Why I am an atheist – Nick Harding

Richard Dawkins likes to compare openness about one’s atheism with coming out of the closet, but in my case they were even more closely related.

Like so many kids I repressed my homosexuality out of religious (in my case, Christian) compunction and social phobia. But once I finally begrudged myself some sex in college, I knew intuitively that I hadn’t done anything wrong. I reacted against the idea of the victimless crime, described as sin by the Bible. But while I had shed my denominational identity, I remained stuck in a kind of anachronistic deism. Indeed, having jettisoned the doctrine of original sin, I probably overcompensated with an overly optimistic view of nature and its presumbaly benevolent creator.

So I was in for a shock when some of my friends started coming down with, and dying from, AIDS (this was the early nineties). Of course I knew about it from reading the newspaper and watching television, but I had put off revising my worldview until now. How to explain AIDS? Of course I already knew that it wasn’t divine punishment because there was nothing wrong with sex and, anyway, it had spared many “fornicators” including myself. But it didn’t exactly accord with my new-model deism either. I was experiencing a crisis that was as much intellectual as emotional.

Resolution beckoned in the form of evolution, which I had learned in high school but never related to my daily life in that hiatus between polio and AIDS. With its frequent mutations in response to medication, HIV was (and still is) the poster child for evolution. I began to take a more jaundiced view of nature, which seemed increasingly like a struggle for existence. But I found reassurance in the thought that all this took place without reference to morality or values, instead deriving from the virus’s need to replicate and adapt to its environment.

I suppose plenty of people going back to Asa Gray have been able to reconcile evolution with their religious beliefs. But as I was seeing it in its cruelest guise, I could not. To me, evolution was an irrational and wasteful process that was fundamentally incompatible with any definition of creation. And if you take away creation, what is left for a god to do?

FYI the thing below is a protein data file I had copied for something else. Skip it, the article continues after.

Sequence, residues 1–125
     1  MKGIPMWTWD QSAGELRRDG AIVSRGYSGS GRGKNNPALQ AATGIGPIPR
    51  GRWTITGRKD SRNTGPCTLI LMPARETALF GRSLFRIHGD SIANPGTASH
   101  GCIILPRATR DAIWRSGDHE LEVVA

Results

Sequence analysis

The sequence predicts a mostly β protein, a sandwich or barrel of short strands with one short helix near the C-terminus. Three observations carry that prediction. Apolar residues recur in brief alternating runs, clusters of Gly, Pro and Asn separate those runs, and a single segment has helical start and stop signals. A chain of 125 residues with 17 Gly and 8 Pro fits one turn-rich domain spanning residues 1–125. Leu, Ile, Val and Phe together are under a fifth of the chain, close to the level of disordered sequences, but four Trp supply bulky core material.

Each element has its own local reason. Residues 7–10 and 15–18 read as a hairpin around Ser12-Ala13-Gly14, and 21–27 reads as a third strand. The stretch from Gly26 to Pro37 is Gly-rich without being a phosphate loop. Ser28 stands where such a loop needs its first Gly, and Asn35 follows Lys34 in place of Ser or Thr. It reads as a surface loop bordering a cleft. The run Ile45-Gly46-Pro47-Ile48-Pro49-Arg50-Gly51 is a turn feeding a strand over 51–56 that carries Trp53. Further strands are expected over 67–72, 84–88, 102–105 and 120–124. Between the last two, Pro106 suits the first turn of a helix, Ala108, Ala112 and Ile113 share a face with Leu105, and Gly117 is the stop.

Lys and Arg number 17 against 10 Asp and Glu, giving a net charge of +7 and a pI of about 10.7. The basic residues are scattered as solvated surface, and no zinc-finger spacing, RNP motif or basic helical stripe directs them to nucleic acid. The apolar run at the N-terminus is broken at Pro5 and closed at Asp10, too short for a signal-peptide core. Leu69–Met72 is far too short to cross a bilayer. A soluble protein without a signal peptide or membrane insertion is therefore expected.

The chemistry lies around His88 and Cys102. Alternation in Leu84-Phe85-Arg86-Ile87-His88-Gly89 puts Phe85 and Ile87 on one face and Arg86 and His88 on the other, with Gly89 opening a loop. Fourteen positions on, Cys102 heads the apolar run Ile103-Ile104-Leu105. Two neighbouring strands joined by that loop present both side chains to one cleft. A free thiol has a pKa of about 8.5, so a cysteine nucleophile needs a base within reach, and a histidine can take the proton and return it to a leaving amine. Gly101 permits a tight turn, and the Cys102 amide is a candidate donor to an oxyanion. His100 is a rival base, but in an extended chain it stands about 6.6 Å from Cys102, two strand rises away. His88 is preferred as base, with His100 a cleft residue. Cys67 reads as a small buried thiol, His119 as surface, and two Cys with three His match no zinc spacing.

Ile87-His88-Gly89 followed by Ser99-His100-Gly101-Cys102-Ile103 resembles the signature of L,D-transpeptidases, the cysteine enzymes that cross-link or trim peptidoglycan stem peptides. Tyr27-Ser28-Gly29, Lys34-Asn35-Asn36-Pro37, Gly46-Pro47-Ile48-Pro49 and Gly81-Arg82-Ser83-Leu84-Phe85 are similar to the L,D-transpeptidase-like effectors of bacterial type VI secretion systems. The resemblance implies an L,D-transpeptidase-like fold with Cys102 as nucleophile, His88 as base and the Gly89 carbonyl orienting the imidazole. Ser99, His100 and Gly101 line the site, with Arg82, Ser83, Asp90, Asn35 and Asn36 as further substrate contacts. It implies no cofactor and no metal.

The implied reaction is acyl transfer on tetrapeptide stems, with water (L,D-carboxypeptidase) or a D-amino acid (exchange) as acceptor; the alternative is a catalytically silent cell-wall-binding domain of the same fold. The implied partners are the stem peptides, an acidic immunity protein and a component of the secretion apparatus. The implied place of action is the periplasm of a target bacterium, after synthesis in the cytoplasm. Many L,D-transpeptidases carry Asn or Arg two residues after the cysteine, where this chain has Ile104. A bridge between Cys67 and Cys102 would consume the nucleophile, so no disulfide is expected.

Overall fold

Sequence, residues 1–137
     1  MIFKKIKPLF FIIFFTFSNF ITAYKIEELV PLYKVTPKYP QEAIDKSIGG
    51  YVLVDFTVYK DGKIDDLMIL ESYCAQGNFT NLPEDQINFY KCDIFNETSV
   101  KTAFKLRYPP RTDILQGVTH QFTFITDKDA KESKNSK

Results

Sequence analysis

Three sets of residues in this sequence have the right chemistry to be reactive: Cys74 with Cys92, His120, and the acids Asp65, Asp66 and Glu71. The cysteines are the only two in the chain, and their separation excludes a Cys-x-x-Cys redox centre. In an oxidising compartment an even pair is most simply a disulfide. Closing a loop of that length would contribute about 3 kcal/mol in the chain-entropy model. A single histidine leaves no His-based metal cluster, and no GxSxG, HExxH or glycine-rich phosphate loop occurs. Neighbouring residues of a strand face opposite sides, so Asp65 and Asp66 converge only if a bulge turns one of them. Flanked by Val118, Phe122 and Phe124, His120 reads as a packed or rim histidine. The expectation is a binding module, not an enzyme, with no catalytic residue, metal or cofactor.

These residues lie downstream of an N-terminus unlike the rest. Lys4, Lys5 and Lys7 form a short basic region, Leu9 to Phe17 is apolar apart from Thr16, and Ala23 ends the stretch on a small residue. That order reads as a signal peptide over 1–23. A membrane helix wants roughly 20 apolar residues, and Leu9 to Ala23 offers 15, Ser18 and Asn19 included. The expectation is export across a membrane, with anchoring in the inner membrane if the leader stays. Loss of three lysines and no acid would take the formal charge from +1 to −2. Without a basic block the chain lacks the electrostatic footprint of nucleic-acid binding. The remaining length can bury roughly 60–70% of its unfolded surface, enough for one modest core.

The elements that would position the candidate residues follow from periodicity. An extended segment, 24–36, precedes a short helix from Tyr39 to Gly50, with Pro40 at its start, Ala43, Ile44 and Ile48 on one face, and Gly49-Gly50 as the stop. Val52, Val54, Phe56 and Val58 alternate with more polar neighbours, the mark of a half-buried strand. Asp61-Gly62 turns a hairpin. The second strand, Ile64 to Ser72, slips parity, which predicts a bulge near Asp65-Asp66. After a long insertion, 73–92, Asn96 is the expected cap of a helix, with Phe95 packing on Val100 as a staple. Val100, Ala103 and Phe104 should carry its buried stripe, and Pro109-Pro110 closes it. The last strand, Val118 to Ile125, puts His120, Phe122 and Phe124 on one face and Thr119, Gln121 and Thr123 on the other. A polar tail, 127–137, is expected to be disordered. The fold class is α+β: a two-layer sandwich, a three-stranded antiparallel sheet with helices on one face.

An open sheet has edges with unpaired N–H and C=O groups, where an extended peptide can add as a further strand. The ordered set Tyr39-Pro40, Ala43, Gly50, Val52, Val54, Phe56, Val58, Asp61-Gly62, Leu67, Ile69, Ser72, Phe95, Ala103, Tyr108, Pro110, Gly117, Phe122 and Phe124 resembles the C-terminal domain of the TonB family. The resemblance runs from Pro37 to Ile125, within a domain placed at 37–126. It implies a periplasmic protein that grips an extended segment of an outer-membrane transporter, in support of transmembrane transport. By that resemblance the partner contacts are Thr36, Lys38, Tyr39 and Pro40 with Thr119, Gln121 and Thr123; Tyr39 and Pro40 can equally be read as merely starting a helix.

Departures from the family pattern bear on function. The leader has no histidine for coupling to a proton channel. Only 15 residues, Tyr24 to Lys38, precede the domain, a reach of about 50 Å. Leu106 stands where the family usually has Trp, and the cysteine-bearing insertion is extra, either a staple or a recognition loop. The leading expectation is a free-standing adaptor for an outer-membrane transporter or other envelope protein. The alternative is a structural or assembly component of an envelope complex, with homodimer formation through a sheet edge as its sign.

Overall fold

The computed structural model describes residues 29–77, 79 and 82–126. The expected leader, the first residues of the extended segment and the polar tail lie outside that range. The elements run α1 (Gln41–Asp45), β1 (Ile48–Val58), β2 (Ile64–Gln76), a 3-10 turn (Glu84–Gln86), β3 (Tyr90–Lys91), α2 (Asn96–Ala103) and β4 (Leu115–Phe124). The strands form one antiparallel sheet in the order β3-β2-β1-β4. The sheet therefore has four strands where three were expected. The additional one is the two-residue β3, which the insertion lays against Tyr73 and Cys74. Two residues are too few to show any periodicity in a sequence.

So it was my experience as a gay man, specifically of religious homophobia and the AIDS epidemic, that brought me to atheism. At first glance, those seem to have little in common besides their coincidental effect on the gay community. But in accepting my sexuality and recognizing the true nature of AIDS, I embraced what is rather than what cannot be. To me, atheism is the “reality-based community” of journalists’ dreams.

Nick Harding


  1. says

    If a compilation of these essays is to be printed as a book, and only containing the best-of-the-best, then this qualifies. So uniquely executed and explained. Outstanding. Nice to meet you, Nick.

  2. erikthebassist says

    Phenomenal essay, one of my favorites, and very thought provoking. Seeing the world as it really is, or at least seeing reality as best we can manage, is one of the side benefits of being an atheist.

    When tragedy strikes me or a loved one, I feel it as deeply as anyone else but there’s always a certain comfort in knowing that tragedy can strike anywhere, anytime and there is no sky fairy that I have to hold responsible or forgive for it.

    When someone does something that causes pain or suffering, I don’t have to hate them because it’s likely there’s a biological or psychological explanation. There’s no free agent to blame, it’s simply nature and the randomness of very large numbers playing it’s self out. I can want justice or want the perp properly removed from society for my safety and the safety of others, but there’s no reason to place any blame,nature is to blame, 14 billion years of history led to that moment in time, that situation.

    Being alive means you will experience suffering because evolution is a messy process. I never have to ask, “Why me? Why are you testing me?” I can just deal with the pain, I leave the confusion aside, and sometimes that makes all the difference.

  3. erikthebassist says

    Thanks Thomas, my essay is already submitted and it doesn’t say that, no. I was just expounding on the OP’s theme that belief in sky fairies offers little comfort in the face of tragedy. It’s not one of the reason’s I’m an atheist, but it is a benefit of being one.